Is the writer so stupid as to think that only women on the DPB get pregnant when they can’t afford to? Other low income women never have unplanned pregnancies? All women on the DPB who get pregnant planned to do so? FFS.
       
      If this wasn’t about bennie bashing/eugenics, if NACT really wanted to put their money where their mouth is, contraception of all kinds would be being offered to all low income women. As would free access to any GP visit necessary for a prescription, or follow ups due to side effects. Abortion would be available on demand and easily accessible.
       
       

      • Vicky32 8.3.1

        Abortion would be available on demand and easily accessible.

        It is, really, something I wish people here would admit! 🙁

         

      • John 8.3.2

        Sure low income people get pregnant. But it’s their own money, they are at least taking responsibility for their actions.

        • rosy 8.3.2.1

          Sure low income people get pregnant. But it’s their own money

          Until they end up on the benefit because, say, they lost their jobs in a recession. Then they’re not low income any more, they’re bludgers, right?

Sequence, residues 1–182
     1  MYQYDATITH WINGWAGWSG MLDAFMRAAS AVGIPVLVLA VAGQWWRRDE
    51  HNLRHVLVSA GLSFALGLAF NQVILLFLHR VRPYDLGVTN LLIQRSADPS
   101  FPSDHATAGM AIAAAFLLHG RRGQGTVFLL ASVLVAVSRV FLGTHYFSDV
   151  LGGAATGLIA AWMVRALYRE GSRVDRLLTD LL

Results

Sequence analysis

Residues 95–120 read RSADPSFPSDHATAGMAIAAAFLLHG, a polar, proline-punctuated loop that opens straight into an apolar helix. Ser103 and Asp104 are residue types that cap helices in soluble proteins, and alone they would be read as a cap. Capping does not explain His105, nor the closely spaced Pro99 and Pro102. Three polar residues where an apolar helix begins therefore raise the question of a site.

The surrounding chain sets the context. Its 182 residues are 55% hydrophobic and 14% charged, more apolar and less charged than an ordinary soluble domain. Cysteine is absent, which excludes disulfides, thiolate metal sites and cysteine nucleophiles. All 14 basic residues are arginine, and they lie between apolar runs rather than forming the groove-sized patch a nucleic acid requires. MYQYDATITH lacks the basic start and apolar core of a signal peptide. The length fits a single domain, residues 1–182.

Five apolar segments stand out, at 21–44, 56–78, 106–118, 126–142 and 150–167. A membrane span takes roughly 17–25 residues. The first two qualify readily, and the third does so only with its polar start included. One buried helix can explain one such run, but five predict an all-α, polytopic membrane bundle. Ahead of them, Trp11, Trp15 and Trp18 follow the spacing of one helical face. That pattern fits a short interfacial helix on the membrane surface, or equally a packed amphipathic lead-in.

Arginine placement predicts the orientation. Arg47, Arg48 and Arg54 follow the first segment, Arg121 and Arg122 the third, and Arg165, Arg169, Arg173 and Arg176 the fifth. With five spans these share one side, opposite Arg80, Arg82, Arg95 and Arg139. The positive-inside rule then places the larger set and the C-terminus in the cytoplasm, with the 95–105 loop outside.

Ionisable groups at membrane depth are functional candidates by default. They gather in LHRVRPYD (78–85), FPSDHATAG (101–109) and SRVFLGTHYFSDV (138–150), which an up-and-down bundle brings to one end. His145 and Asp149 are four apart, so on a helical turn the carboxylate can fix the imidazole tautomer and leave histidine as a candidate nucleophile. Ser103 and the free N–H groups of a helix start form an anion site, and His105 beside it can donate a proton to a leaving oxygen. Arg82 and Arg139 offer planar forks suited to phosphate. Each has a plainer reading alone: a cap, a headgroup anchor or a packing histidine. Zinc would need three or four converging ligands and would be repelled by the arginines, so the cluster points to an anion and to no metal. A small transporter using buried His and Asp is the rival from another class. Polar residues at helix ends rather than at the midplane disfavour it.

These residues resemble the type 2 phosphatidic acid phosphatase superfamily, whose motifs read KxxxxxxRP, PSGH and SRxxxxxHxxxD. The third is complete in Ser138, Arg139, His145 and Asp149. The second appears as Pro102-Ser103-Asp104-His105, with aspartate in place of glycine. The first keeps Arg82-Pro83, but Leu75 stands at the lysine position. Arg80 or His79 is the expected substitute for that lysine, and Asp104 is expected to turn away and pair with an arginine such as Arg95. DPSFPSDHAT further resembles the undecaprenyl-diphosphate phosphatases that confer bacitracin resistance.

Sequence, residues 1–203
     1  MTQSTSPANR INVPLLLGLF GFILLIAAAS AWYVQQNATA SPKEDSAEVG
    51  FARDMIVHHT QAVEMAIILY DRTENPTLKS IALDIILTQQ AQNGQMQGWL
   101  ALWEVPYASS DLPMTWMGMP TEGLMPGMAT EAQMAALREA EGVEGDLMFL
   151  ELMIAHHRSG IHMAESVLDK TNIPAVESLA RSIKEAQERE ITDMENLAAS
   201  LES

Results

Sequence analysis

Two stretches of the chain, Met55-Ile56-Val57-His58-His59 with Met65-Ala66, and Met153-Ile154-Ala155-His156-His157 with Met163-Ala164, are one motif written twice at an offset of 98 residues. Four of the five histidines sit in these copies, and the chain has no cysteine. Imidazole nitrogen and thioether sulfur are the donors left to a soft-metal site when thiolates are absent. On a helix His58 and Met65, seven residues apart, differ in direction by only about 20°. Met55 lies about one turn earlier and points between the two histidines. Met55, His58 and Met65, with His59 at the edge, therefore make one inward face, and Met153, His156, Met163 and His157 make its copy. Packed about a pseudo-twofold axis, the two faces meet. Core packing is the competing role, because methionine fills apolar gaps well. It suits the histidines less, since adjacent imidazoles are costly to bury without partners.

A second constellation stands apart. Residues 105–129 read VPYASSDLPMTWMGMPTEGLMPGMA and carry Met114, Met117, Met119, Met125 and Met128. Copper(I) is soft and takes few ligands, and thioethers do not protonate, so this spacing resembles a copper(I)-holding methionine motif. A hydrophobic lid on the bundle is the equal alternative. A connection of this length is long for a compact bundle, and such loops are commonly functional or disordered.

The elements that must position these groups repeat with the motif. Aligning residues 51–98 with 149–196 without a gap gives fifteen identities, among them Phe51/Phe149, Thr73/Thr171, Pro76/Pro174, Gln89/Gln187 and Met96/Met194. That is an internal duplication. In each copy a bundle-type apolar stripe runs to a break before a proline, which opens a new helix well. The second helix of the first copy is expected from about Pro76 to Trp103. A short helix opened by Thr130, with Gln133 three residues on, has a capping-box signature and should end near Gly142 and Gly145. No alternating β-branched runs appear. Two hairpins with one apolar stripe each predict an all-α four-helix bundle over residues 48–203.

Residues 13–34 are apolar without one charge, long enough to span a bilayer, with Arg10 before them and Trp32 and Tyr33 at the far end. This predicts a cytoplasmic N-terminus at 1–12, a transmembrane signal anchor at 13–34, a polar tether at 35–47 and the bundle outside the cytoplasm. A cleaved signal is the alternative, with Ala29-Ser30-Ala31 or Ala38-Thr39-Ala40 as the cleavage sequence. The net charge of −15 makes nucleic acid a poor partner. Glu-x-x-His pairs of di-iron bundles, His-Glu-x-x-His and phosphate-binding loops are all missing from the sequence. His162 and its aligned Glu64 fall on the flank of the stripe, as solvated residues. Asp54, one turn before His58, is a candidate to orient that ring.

9. Tiger Mountain 9

    “But that doesn’t stop the irrational few having a voice.” Agreed Pete as we saw with the United Future voting figures.

    Get it through your somewhat impervious skull, the power relationships involved mean Paula Benefit’s contraception diversion manages to cover many undesirable bases, but ultimately is anti woman, anti beneficiary and just exacerbates divisions among New Zealanders.

    • The only division I can see on this is between a few irrationals and common sense.

      But you’re right in one way, it is anti-(being a)-beneficiary – it aims to make it easier for people to get off benefits and into work, which is known to have a beneficial effect on their children.

      • Draco T Bastard 9.1.1

        And your part of the “irrationals” and anti-common sense.

      • Reagan Cline 9.1.2

        “People off benefits and into work and the (beneficial ?) effect on their children”

        An aim many would support – if that is the aim of the proposed welfare reforms.

        The proposed means of achieving that are what many people disagree with.

        You seem to me to consistently argue that the end justifies the means.

  10. With so much social pressure on people to have (more) children, I can’t object in principle to the idea of being more generous to beneficiaries who make a decision to access contraception not only having it subsidised, but even being rewarded by the state for doing so. (in fact I’m quite fine with a fixed payment being offered to anyone committing to contraception or even sterilization)